NASA's leaders say that Mars is the main goal… but have yet to outline a clear path, and I am not sure why the "elephant in the room" is not a larger factor in the current discussions about Mars –- i.e. the obvious reality that we could not possibly launch a ship directly from Earth to Mars. The gravity of our planet is too strong, and a ship of the necessary life-sustaining size would make take-off impossible with our current rocket technology.


I think this is the part that comes as a genuine shock to many people who believe this has all been sorted out, and we're such a clever little heap of hairless apes that we can launch whatever we please so long as it's a sunny day in Florida. One of my relatives recently asked me how close we are to "warp drive"?

One solution is to assemble a ship in the micro-gravity of Low Earth Orbit, or the one-sixth gravity environment of our lunar satellite. Y'think?

Friday, March 5, 2010

Nerd Merit Badges


Well, this is not even close to being space-related, except that there are thousands of NASA workers who could stack up Nerd Merit Badges like flakes in a snow storm. So, I thought it was worth a post!

These funny velco-backed morsels of colorful embroidery include Spelling, Open Source, Full Stack and Boinged pats-on-the-back. Family Tech Support? Got it covered. One I will never earn, however, is the Empty Inbox!

Ner Merit Badges
At first glance, I could boast a handful of these... and send them suggestions. For instance, where are the "I can recite every episode of Star Trek TOS in order" badges? Or the "Browncoats Forever" and the "Paged Constantly at 3am" badges?

Other Possibilities:
  • Quick-Draw Binary Translator
  • I Can Count In Hexadecimal
  • Monty Python Movie Sing-a-Long Champ
  • My Pet Fish is Named "Wysiwyg"
  • Schrödinger's LOLCat – reductio ad absurdum
  • We Celebrate Pi Day on March 14
We also need a big one for those of us who watch movies about computer hackers and continually shout "That's totally impossible!" at the screen with great dramatic aplomb, and even greater indignation.

Honorable mention (a line of similar stickers perhaps?) for anyone who knew exactly what I meant when I said "TOS" above, anyone who reads XKCD and gets it more than 85% of the time, anyone who ever drove more than 1000 miles for a shot at watching a Shuttle Launch, and my personal favorite – anyone who used to carry a Microsoft Start-up Disk in her purse and used it more often than her lipstick.

Guess who that last one was.

Zazzle Nerd Buttons

Of course, shops like Zazzle and Thinkgeek are way, way ahead of me.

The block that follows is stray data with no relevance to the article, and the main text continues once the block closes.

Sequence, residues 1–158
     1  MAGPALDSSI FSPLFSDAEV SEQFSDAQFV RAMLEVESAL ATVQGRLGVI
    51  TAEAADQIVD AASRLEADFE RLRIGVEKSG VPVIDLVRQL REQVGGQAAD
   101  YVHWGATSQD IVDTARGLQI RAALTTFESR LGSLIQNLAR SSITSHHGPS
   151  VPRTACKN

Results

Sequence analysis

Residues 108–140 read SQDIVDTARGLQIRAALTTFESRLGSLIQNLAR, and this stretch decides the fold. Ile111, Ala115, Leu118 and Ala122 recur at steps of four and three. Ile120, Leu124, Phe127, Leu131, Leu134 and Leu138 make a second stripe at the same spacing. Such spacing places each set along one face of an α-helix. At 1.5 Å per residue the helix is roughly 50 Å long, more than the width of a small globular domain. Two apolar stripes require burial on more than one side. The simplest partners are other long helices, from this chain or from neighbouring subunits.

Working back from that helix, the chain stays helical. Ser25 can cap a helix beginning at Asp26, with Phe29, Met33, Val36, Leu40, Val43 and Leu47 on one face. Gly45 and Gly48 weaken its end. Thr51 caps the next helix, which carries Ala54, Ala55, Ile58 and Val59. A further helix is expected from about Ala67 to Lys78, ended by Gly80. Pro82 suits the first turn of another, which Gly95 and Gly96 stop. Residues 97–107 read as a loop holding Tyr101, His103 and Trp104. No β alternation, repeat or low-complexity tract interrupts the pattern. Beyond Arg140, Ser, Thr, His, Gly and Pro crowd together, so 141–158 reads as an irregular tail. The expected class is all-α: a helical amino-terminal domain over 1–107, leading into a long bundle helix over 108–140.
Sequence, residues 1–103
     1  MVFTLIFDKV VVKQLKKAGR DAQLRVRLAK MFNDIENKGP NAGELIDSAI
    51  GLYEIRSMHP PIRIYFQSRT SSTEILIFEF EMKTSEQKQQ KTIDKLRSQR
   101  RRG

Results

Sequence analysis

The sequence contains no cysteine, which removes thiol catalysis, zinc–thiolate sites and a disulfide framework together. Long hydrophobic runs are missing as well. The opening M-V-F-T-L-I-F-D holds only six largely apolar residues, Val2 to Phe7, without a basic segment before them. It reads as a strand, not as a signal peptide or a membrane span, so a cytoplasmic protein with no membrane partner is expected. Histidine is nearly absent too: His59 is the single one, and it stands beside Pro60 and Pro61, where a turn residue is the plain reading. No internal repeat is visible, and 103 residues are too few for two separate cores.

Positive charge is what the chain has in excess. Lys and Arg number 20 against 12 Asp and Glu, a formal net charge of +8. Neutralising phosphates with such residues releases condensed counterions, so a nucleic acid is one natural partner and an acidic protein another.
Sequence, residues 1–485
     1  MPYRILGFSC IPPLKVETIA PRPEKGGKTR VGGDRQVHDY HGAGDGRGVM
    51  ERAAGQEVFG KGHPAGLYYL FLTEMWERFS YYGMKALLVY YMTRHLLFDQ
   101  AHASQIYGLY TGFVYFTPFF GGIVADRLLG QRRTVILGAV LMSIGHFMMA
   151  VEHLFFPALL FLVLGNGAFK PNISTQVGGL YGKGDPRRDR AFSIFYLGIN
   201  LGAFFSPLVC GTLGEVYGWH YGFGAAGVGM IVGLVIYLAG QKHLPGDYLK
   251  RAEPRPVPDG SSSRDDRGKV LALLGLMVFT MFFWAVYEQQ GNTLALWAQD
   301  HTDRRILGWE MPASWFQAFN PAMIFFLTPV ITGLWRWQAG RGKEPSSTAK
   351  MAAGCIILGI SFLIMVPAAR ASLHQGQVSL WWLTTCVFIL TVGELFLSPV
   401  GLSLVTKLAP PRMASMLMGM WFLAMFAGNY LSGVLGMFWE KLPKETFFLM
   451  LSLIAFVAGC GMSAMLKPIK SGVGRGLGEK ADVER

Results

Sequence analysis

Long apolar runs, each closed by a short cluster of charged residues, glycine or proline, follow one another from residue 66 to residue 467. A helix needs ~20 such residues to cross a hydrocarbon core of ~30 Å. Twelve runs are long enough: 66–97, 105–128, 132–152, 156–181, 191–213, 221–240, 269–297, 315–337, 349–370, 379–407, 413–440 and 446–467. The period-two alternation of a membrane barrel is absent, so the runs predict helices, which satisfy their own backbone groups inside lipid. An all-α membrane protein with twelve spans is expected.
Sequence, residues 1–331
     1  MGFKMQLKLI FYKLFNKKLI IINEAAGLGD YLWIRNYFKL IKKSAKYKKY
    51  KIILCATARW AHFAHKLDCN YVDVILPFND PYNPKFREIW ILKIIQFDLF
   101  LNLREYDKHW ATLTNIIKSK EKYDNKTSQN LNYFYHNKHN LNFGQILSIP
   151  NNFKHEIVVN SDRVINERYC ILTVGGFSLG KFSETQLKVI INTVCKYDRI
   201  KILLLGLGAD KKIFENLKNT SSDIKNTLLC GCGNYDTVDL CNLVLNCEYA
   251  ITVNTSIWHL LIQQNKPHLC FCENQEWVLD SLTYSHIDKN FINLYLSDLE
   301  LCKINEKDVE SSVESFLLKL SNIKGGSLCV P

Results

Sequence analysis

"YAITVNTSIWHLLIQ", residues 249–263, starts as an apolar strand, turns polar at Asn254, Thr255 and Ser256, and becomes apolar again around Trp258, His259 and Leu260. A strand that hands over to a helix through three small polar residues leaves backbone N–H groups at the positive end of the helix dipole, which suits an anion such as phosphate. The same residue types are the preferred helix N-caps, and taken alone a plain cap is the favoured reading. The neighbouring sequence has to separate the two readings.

Thursday, March 4, 2010

The Dream Rocket


Dream Rocket
Support The Dream Rocket! This very exciting project at the US Space & Rocket Center will be many years in the making, with it's grand finale in the summer of 2011.

"The Dream Rocket aims to connect art and education through a global initiative. The Wrapping of the Saturn V Rocket will recognize the power of global collaboration, and in turn, The Dream Rocket hopes to inspire individuals all over the world to recognize their power to pursue their dreams."

And yes, you read that right. They will be WRAPPING the entire 37-story Saturn V rocket in Huntsville, Alabama -- on the 50th anniversary of John F. Kennedy’s 1961 speech where he challenged the nation to pull together for the successful project of "landing a man on the moon and returning him safely to earth."

The wrapping will consist of over 8000 panels representing dreams for our future and visionaries of our past. Schools, churches, professional organizations, non-profit groups and individuals all over the Earth are participating in its creation! In the first six months, nearly 40 US states and a dozen countries have submitted Dream Theme panels depicting space, health, fighting hunger & poverty, peace, community, science, technology imagination, recycling, conservation and other related ideas.

The Dream Rocket
"What is my dream for a better tomorrow?"

If you would like to participate in creating Dream Rocket panels, you can purchase space in varying sizes, and recruit others to help you develop a dream theme to express! If you are the less artistic type, but have money to burn... you can become a sponsor instead. There are many students and scholastic groups who may not be able to afford the submission fee, and Dream Rocket workers are doing their best to match up donations with willing artists!

You can also make a simple individual contribution, and also keep up with Dream Rocket events through their Facebook fan page, Twitter feed or Flickr Photo collection. I got lost on the Dream Rocket Flickr site for ages, looking at the all the amazing submissions already lined up for panel wrappings!

The Dream Rocket
"This rocket was designed and built as a collaboration half- a-million people and allowed our human species to venture beyond our world to stand on another -- surely one of the biggest dreams of all time. Enabling the dreams of young people to touch this mighty rocket sends a powerful message."
- Sponsor Neil deGrasse Tyson, Director of NY Hayden Planetarium